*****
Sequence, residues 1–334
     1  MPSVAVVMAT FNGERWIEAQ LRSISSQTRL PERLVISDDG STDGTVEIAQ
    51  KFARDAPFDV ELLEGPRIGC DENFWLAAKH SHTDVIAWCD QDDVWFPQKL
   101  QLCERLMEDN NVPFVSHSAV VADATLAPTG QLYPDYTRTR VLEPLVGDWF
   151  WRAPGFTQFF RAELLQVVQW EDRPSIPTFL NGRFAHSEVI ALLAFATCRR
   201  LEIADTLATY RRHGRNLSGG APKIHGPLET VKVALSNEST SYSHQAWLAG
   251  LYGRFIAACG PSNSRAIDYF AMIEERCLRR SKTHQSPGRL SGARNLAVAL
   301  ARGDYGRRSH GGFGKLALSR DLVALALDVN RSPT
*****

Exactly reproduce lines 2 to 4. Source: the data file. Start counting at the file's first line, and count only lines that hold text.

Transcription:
     1  MPSVAVVMAT FNGERWIEAQ LRSISSQTRL PERLVISDDG STDGTVEIAQ
    51  KFARDAPFDV ELLEGPRIGC DENFWLAAKH SHTDVIAWCD QDDVWFPQKL
   101  QLCERLMEDN NVPFVSHSAV VADATLAPTG QLYPDYTRTR VLEPLVGDWF